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  • Object type

  • Museum number


  • Description

    Landscape of the Vale - Moonlight; a wide landscape with low hills, with the sun and a shaft of light through the clouds. 1943
    Watercolour with graphite and white chalk on beige paper

  • Producer name

  • School/style

  • Date

    • 1943
  • Materials

  • Technique

  • Dimensions

    • Height: 400 millimetres (sheet irregular)
    • Width: 582 millimetres
  • Inscriptions

      • Inscription Content

        Signed in pencil
  • Curator's comments

    The present work is one of thirty drawings by Paul Nash in the British Museum's collections. Made in 1943, it illustrates a view of the Cotswolds from Madams, Gloucestershire, an area that Nash first discovered in June 1938 when visiting his friends Charles and Clare Neilson. During the following years, he returned frequently to get away from the realities of the war and the surrounding countryside became his greatest source of inspiration until his last visit in 1944. 'Landscape of the Vale, moonlight' was first exhibited in October 1943 at Nash's dealer's gallery, 'Arthur Tooth & Sons' and then in March 1948, a few years later, at the 'Paul Nash: A Memorial Exhibition' organized by the Tate Gallery and the Arts Council (no. 135).

    The Second World War did not have the same impact that the first had had on the artist. Nash once again participated in the war effort but his failing health precluded him from any direct physical involvement with the Front. After her husband's death, Margaret Nash wrote about his work dating from the first half of the 1940's: 'there poured out a number of his finest civilian pictures. They show an increasing freedom of technique and a poetry in conception which seemed released in him by the great efforts of the war and his passionate interest in the exploits of the heroic ... It seemed to me as if we lived in two worlds, a restricted, drab, cruel world of war, and the lovely other world which was quite clearly on the other side of life, in which he and I were quite free in our minds and able to enjoy and perceive more clearly than ever an esoteric beauty in life, in matter, and in people' (Haycock, p. 78).

    The present watercolour illustrates the Madams bathed in moonlight, a recurring theme in the works he produced at the end of his life. In the midst of the Second World War, Nash began to show a growing interest in light, particularly astral light and its effect on the land. Most of his later works are series of landscapes describing the rising of moon and sun or representations of the solstice and equinox. In 1943, he wrote a letter to his dealer, Dudley Tooth in which he comments on his early works, remarking how few of them had been night scenes and finishing with the statement: 'Now I am re-opening my research - renewing the solution of the problem of light and dark and half-light' (exh. cat. Tate Gallery, p. 33).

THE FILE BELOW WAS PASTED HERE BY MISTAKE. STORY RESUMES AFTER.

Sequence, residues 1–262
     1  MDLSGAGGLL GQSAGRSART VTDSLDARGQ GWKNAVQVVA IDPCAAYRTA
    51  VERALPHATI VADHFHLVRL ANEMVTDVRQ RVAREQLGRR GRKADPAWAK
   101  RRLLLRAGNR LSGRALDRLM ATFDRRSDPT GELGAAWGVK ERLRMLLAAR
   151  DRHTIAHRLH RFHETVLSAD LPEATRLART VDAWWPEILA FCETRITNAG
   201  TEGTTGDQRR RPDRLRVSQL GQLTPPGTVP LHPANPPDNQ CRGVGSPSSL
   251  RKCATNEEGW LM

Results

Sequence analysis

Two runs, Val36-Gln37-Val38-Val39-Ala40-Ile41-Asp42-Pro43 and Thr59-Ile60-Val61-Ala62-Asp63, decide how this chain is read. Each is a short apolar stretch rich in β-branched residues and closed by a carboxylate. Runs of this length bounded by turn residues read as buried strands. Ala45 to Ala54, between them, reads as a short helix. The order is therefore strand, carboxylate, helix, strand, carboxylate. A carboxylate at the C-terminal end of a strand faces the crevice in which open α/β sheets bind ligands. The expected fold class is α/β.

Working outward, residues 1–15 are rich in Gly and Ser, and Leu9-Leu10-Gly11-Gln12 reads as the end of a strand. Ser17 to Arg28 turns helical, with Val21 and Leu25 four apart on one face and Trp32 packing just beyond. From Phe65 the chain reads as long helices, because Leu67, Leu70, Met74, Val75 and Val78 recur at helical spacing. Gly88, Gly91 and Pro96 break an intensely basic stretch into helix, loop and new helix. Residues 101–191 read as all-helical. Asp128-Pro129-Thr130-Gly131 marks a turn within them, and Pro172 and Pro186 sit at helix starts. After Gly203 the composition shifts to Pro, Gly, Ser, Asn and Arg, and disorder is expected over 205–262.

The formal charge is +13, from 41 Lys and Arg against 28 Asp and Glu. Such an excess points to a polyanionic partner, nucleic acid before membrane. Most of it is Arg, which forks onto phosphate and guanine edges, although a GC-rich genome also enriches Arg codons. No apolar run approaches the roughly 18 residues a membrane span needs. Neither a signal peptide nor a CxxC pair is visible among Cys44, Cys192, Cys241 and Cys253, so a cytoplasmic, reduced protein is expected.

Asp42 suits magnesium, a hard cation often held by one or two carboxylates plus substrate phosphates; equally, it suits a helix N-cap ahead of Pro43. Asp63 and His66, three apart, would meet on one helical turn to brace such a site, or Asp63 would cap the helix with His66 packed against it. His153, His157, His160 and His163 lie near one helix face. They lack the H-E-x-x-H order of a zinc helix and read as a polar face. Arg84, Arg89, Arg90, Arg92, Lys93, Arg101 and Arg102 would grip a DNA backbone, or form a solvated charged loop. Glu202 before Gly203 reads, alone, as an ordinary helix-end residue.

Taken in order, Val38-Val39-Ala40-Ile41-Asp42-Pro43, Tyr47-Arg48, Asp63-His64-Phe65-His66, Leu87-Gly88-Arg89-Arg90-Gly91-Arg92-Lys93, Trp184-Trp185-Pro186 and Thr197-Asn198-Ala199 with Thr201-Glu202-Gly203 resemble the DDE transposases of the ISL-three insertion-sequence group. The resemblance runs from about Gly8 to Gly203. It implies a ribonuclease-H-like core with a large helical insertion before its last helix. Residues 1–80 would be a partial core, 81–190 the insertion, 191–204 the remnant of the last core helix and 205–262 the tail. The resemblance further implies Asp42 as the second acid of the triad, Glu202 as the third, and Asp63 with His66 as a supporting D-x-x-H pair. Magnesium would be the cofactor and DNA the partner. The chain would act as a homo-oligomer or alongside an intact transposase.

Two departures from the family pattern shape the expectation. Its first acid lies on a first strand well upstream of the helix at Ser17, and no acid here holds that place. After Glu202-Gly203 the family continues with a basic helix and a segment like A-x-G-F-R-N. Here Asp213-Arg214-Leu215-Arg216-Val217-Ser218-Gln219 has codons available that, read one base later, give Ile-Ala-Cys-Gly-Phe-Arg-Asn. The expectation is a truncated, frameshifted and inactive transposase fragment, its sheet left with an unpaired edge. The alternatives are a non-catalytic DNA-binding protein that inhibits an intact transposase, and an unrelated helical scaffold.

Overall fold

In the late 1930's, Nash's interest in Surrealism began to wane and, in the context of a revaluation of Romanticism in art and literature, he returned to making pure landscapes, closer to the old English tradition. This would earn him a tribute in John Piper's book 'British Romantic Artists' (1942) as an example of 'contemporary romantic painting' which later gave rise to the name Neo-Romanticism. His new approach, however, differed to that of his previous landscapes where his interest was in capturing the 'individuality' of a place. He no longer tried to find the historical landmarks or visual features that made a place unique. As he related to his friend Richard Seddon, he wanted to cease trying to control nature. Causey pointed out that the artist's new watercolours, with 'the almost abstract way in which the pools of colour form themselves' and the relinquishment of the foregrounds that 'link the painter almost intimately with the subjects' (Tate exhibition catalogue, p. 32-33) support Nash's statement.

    Further reading:
    - Andrew Causey, 'Paul Nash', Oxford 1980.
    - Margot Eates, 'Paul Nash', 1973, p.134
    - David Boyd Haycock, 'Paul Nash: Watercolours 1910-1946', exh. cat. Piano Nobile, London, 2014.
    - 'Paul Nash: Paintings and Watercolours', exh. cat. Tate Gallery, London, 1975.
    - John Piper, 'Romantic British Artists', 1942.

    [This entry was written by Catherine Boël, Anne Christopherson Fellow in the Department of Prints and Drawings, December 2016.]


  • Location

    On display: G90

  • Exhibition history

    1943 Oct, London, Arthur Tooth & Sons
    1948, London, Tate Gallery, Paul Nash Memorial exhibition, no.135
    2001 May - July, Manchester, Lowry Art Gallery, 'Unseen Landscapes'
    2001-2 Nov-Jan, Eastbourne, Towner Art Gallery,'Unseen Landscapes'
    2007-8 Nov-Mar, London, BM, Recent Acquisitions Part II, no cat.
    2017 23 Feb-27 Aug, London, BM, G90, Places of the Mind: British Landscape watercolours 1850-1950

  • Associated places

  • Acquisition name

  • Acquisition date


  • Acquisition notes

    Purchased by the donors from Spink in June 1991 (XXc Paintings no.53) for £12,500; previously sold Sotheby's 2 May 1990 for £7,700. According to Spink's, it had been sold by Arthur Tooth & Son in 1943 to Norman J.Miller, whence to Vincent Massey.

  • Department

    Prints & Drawings

  • Registration number


Landscape of the Vale - Moonlight; a wide landscape with low hills, with the sun and a shaft of light through the clouds. 1943  Watercolour


Landscape of the Vale - Moonlight; a wide landscape with low hills, with the sun and a shaft of light through the clouds. 1943 Watercolour

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